Mozart’s Die Zauberflöte lives up to the ‘magic’ in its title. It is a story of enchantment, witchcraft, and transformation. Peter Hoar reviews Komische Opera Berlin's production at Auckland Arts Festival.
The production of the opera in this year’s Auckland Arts Festival uses the magic of cinema to take the opera back to its roots in popular theatre. This was a vibrant, funny, and fast-moving show that had the audience laughing and gasping with wonder. It may have used state of the art animation and projection techniques but it retained the story’s humanity.
This production reimagines Mozart’s 1791 Singspiel as a 1920s silent film. The singers perform on platforms set in a dizzyingly tall flat wall and interact with projected hand-drawn animations. The live performers are in effect playing in a film which is based on the style of 1920s silent cinema. Spoken lines are given as cinema intertitles while a fortepiano plays parts of Mozart piano sonatas. The animations might have become something of a tiresome gimmick but the ingenuity of the staging and the imaginative animations made for a zany and endlessly entertaining show that never flagged.
The animation and costumes mashed Weimar and silent-era Hollywood with a nod or two at Georges Méliès. The singers were dressed as famous silent film stars. Pamina was a Louise Brooks lookalike with bobbed hair and white face. The hapless Papageno was Buster Keaton. The villainous Monostatos was in full Nosferatu costume while the Queen of the Night was a giant spider. Shades of Peter Jackson’s Shelob perhaps. Cultural references flashed by in the animations. An exploding bomb turning into a piece of Lichtenstein Pop Art with hints of the luckless Wile E. Coyote.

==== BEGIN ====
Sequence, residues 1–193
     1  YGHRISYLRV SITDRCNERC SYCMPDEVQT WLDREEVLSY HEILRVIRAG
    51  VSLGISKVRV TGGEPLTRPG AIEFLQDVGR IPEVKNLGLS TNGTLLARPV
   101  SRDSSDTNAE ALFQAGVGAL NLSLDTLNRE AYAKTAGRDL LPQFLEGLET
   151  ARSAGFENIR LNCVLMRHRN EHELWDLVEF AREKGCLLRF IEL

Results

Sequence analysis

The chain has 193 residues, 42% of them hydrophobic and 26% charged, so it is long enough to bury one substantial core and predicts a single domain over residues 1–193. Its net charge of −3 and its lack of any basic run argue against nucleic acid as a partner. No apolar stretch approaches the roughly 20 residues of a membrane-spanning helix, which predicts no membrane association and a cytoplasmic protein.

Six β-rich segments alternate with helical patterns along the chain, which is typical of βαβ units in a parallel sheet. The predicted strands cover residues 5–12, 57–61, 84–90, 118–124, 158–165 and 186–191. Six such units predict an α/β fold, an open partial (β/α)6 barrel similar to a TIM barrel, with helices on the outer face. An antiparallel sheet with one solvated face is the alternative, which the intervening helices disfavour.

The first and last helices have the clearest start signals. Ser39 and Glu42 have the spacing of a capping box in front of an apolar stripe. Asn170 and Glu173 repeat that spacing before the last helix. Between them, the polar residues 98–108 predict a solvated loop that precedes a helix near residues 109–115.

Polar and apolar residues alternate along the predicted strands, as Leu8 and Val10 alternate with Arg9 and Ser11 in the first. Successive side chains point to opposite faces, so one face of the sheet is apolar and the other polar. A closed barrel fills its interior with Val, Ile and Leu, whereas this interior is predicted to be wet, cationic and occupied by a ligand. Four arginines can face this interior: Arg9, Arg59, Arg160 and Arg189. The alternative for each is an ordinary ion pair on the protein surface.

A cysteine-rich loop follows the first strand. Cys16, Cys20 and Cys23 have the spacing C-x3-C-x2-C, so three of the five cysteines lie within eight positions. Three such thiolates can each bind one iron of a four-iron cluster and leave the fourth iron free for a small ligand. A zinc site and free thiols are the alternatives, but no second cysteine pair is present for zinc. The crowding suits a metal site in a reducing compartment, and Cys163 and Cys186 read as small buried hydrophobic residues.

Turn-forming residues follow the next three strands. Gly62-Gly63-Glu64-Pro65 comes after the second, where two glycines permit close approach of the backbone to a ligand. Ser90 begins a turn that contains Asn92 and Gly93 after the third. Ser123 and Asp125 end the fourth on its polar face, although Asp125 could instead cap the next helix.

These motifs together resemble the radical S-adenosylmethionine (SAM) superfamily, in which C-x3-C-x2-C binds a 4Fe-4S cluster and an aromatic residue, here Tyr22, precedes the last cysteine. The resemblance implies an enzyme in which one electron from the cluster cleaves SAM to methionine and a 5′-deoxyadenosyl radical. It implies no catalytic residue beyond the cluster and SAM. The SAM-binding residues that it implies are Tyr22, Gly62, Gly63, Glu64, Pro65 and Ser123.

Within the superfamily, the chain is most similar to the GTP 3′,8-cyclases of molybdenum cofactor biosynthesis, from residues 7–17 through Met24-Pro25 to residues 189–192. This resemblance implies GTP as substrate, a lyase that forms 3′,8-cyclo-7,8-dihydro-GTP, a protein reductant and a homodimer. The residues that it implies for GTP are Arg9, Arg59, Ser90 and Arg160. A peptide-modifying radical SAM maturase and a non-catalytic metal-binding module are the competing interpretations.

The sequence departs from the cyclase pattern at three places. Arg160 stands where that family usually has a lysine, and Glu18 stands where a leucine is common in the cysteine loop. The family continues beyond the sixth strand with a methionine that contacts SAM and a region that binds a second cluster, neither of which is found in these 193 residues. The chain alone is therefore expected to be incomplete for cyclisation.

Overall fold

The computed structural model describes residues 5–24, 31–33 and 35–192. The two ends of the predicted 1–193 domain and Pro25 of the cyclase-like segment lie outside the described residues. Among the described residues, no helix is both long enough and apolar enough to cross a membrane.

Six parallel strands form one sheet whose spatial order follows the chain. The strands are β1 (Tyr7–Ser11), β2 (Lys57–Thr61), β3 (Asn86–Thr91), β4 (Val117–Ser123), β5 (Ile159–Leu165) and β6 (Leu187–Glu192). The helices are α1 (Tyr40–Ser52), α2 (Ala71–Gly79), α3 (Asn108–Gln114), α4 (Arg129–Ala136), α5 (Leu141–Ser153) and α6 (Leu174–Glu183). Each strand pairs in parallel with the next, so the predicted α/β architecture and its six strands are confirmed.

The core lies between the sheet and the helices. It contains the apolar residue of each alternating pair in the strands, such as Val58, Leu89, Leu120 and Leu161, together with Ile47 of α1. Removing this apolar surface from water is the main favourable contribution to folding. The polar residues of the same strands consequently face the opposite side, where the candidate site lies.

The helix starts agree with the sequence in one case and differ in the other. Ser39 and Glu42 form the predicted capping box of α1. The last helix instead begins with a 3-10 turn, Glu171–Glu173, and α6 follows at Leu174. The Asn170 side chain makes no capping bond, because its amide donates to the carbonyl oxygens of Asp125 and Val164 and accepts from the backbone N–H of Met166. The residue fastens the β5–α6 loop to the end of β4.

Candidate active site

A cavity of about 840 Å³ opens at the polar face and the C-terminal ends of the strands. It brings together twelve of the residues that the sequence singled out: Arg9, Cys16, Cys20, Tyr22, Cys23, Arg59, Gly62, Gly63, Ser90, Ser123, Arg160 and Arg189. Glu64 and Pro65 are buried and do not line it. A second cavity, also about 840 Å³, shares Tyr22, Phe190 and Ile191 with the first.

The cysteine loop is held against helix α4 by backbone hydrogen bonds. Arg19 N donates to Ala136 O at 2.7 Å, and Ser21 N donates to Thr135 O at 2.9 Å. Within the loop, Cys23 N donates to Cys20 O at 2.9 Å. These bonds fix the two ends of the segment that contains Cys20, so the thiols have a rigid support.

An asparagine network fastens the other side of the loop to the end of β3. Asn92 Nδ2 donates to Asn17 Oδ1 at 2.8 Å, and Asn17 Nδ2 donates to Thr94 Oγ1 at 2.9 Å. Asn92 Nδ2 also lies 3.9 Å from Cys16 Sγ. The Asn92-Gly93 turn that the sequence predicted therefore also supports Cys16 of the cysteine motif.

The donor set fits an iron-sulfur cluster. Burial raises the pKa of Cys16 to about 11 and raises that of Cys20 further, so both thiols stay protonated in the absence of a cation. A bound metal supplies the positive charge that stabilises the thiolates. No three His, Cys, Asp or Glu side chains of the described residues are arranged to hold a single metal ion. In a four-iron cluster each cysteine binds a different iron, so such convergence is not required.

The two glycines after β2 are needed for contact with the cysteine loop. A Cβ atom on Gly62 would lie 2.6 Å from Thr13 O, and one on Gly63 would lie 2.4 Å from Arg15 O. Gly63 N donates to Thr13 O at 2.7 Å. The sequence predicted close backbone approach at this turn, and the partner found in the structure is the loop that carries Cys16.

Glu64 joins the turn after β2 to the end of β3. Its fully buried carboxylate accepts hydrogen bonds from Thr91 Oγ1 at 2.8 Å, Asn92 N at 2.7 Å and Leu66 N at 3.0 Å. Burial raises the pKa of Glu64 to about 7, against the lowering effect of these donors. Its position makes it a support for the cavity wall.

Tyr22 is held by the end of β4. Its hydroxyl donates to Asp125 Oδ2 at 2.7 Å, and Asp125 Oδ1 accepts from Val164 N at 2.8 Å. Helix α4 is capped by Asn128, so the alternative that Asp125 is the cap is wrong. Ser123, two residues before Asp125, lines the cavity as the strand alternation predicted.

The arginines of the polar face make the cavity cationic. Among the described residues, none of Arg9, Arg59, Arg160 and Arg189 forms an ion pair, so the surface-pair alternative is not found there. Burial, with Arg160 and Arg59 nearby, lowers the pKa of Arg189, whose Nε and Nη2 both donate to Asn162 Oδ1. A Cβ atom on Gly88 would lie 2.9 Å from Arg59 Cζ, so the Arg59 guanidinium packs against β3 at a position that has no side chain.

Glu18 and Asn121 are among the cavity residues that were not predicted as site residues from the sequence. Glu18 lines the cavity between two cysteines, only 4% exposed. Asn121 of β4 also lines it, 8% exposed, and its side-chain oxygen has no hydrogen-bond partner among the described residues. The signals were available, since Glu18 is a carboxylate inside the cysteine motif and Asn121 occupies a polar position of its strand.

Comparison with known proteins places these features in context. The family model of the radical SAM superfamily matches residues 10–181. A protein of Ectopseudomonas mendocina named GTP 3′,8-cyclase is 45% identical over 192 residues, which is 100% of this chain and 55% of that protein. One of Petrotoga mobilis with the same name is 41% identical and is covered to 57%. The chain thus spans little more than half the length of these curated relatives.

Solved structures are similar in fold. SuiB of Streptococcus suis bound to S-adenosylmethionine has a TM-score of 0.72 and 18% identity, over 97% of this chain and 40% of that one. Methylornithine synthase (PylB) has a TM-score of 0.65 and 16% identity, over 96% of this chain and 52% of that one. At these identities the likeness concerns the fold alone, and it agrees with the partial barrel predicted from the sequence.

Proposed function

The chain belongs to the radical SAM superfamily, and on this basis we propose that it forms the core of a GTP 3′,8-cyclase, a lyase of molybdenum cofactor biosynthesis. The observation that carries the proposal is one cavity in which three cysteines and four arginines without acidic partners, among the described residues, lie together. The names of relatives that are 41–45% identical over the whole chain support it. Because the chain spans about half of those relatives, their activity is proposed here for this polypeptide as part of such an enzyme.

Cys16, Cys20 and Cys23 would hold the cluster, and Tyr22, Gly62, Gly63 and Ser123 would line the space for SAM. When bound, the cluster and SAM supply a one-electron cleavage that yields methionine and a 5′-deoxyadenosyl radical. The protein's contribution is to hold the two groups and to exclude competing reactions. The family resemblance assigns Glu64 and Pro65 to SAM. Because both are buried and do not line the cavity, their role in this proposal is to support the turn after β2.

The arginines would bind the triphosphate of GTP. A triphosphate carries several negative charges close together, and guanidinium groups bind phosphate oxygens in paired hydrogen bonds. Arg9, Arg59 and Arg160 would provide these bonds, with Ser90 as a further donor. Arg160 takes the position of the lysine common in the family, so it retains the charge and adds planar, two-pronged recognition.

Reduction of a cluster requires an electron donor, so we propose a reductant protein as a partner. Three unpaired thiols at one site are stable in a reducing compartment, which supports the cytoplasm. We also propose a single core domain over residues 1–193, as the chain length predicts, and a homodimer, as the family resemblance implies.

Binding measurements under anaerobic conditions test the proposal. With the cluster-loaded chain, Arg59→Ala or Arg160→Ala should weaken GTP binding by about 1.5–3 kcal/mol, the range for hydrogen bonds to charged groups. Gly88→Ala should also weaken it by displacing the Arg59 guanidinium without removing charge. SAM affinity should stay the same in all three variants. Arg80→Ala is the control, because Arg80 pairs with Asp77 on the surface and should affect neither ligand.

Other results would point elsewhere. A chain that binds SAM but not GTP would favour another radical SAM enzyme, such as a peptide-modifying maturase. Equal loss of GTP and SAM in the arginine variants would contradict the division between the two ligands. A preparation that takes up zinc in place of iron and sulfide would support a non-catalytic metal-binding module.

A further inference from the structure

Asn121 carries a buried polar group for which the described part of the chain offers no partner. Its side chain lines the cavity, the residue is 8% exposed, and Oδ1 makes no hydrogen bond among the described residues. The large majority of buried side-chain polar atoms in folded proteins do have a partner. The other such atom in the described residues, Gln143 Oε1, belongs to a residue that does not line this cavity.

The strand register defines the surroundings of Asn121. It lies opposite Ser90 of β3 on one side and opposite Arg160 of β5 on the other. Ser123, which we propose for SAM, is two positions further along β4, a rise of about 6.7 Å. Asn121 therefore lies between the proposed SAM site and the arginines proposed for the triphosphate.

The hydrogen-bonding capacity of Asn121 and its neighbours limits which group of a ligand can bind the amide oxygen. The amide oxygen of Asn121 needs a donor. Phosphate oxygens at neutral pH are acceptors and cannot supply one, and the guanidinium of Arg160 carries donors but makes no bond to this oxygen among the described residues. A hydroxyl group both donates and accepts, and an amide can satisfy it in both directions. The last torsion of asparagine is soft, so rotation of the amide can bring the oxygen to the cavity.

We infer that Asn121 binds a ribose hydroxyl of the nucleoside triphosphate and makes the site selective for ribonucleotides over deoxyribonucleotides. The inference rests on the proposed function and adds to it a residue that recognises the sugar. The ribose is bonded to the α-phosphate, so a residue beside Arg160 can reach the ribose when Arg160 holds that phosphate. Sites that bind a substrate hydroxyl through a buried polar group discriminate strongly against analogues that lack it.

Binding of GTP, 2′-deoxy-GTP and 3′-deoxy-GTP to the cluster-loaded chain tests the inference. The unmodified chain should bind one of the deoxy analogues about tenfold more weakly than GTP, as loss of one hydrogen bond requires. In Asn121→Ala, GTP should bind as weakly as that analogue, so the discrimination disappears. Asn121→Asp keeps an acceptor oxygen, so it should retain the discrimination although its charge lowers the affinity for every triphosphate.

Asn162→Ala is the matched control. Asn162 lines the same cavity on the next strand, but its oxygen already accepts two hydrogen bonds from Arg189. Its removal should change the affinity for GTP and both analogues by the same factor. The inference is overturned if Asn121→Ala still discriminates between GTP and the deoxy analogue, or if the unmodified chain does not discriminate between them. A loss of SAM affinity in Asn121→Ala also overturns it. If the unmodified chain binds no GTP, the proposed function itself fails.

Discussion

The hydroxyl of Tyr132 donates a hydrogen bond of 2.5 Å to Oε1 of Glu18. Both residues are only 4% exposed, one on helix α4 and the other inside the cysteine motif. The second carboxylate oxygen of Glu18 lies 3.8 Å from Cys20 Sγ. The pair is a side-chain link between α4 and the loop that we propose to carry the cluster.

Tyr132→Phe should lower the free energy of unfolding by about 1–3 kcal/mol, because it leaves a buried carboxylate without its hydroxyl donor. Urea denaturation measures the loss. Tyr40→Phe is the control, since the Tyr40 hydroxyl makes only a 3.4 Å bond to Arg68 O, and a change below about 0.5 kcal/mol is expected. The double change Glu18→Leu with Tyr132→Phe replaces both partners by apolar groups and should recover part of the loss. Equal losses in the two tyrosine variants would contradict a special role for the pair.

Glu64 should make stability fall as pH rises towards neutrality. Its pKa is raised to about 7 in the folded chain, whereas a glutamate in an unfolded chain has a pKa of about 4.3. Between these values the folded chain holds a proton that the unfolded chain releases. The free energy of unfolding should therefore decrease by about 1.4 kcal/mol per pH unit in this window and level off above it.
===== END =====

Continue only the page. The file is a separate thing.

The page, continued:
A bibulous Papageno flying with seductive pink elephants reminded me of Disney’s Fantasia with its balletic hippopotami (Let alone Dumbo). Papageno had a sidekick in the shape of a straggly black cat, straight from the famous cabaret poster, who had its own adventures alongside the humans. The animations were spectacular, whimsical, frightening, funny, and integral to this fast moving and always dynamic version of the opera.
But all this would have been just an empty, pretty spectacle without performers to bring it alive. This was a hard job in that everyone had to hit their cues every time as the film was never going to stop and let them pick up again. But the music was far from mechanical. The APO were as solid and reliable as ever and there was fine fortepiano playing from Mark McNeill during the intertitle sequences.
The singers all brought character, humanity, and individuality to their roles. Joan Martin-Royd had a lot of fun as Papageno and was an audience favourite. There was real poignancy amid all the knockabout farce as when Kim-Lilian Strebel’s Pamina contemplated suicide. The Queen of the Night was a scary giant spider which might have troubled any arachnophobes in the audience. Christina Poulitsi relished this role and delivered a swaggering version of That Aria. Ivan Turšić was a suitably creepy and slimy Monostatos in full Nosferatu costume. Overall the singing was solid and well done rather than spectacular but the performers gave the production heart and feeling.
Die Zauberflöte can pose problems for modern audiences. There are sexist and racist attitudes and a certain amount of clunky word spinning in the spoken sections. But this production is fast and engaging. The animations and staging add layers of meaning that undermine the more questionable aspects. It retains the earthy humour that delighted Mozart’s audiences and retools it for modern expectations. But this production also underlines the original’s themes of rationality, fortitude, and tolerance that seem more relevant than ever in our own troubled and distracted times.
The Magic Flute, ASB Theatre, Friday 8 March 2019
APO, Komische Oper Berlin & 1927.